Monday, October 4, 2010
THE federal budget is facing a funding gap of up to $10 billion over the next five years, with the Finance Department revealing that no money has been set aside for overseas troop commitments after this year.
In its detailed briefing paper to Finance Minister Penny Wong, released on Friday, the department says overseas troop commitments primarily to Afghanistan are now costing the budget $1.7 billion a year.
It says the budget does not set money aside for drought relief or overseas troop commitments in future years, so any spending has to be added to the budget every year.
On reasonable assumptions, continuation of Australia's commitment to Afghanistan, Iraq, East Timor and the Solomon Islands at current levels would cost $2 billion a year by 2012-13. In theory, that would wipe out half of the $3.8 billion surplus forecast for that year.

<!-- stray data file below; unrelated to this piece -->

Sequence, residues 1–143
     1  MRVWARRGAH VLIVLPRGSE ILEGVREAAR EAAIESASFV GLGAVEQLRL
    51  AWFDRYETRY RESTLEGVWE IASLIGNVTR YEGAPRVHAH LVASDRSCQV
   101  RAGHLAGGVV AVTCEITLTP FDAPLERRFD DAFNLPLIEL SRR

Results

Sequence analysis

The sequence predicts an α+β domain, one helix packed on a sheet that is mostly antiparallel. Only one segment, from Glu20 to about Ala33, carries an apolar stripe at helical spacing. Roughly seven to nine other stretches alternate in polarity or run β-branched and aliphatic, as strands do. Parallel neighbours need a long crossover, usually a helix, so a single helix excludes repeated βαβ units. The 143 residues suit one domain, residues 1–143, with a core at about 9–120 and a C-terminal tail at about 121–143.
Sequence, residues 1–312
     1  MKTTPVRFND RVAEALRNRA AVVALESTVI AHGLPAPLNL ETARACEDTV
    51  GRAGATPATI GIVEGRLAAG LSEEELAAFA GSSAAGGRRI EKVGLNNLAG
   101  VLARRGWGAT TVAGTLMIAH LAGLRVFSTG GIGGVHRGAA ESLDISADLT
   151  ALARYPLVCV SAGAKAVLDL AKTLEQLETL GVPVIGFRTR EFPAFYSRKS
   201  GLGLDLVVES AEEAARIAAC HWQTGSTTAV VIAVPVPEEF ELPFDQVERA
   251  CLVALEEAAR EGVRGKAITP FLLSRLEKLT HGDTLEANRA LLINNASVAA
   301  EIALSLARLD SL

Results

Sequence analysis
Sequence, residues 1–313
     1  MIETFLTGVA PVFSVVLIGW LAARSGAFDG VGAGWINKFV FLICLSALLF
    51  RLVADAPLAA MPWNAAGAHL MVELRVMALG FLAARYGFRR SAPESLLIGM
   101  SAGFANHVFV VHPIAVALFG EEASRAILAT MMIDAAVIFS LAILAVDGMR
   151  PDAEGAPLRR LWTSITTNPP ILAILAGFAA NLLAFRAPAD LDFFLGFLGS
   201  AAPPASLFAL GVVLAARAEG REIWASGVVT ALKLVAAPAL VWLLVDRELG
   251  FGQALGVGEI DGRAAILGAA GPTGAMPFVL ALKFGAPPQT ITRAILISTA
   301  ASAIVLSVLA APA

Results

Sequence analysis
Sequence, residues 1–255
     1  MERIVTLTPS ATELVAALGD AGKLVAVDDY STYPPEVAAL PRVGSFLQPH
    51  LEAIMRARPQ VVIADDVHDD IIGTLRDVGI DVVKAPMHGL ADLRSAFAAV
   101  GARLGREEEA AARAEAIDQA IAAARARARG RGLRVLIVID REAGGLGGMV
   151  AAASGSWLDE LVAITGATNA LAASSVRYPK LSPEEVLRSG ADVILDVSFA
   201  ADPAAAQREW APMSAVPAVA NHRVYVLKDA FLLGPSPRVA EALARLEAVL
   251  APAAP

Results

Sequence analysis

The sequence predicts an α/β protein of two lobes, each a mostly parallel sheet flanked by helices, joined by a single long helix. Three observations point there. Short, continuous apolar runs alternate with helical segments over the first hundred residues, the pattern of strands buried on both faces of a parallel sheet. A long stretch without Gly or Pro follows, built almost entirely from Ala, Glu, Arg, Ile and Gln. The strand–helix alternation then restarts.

In practice, the budget allocates money into a contingency fund to finance spending on issues it can't foresee. In the election campaign, the Coalition proposed raiding the fund of $2.5 billion to pay back debt. Yet last week it also proposed to send another 350 troops to Afghanistan, with tanks.
The Finance Department's briefing singled out defence as a potential area for big spending cuts, which it warns the government could need to reach its goal of returning to surplus by 2012-13. It told Senator Wong that the scale of the fiscal task ahead, and the big rises in defence and national security spending under the Howard government, now present an opportunity for the government to "reassess the strategic posture and funding of defence".
The next paragraph was blacked out from the text made public. But Treasury has urged that military equipment be bought off the shelf overseas, rather than building submarines and ships in Australia.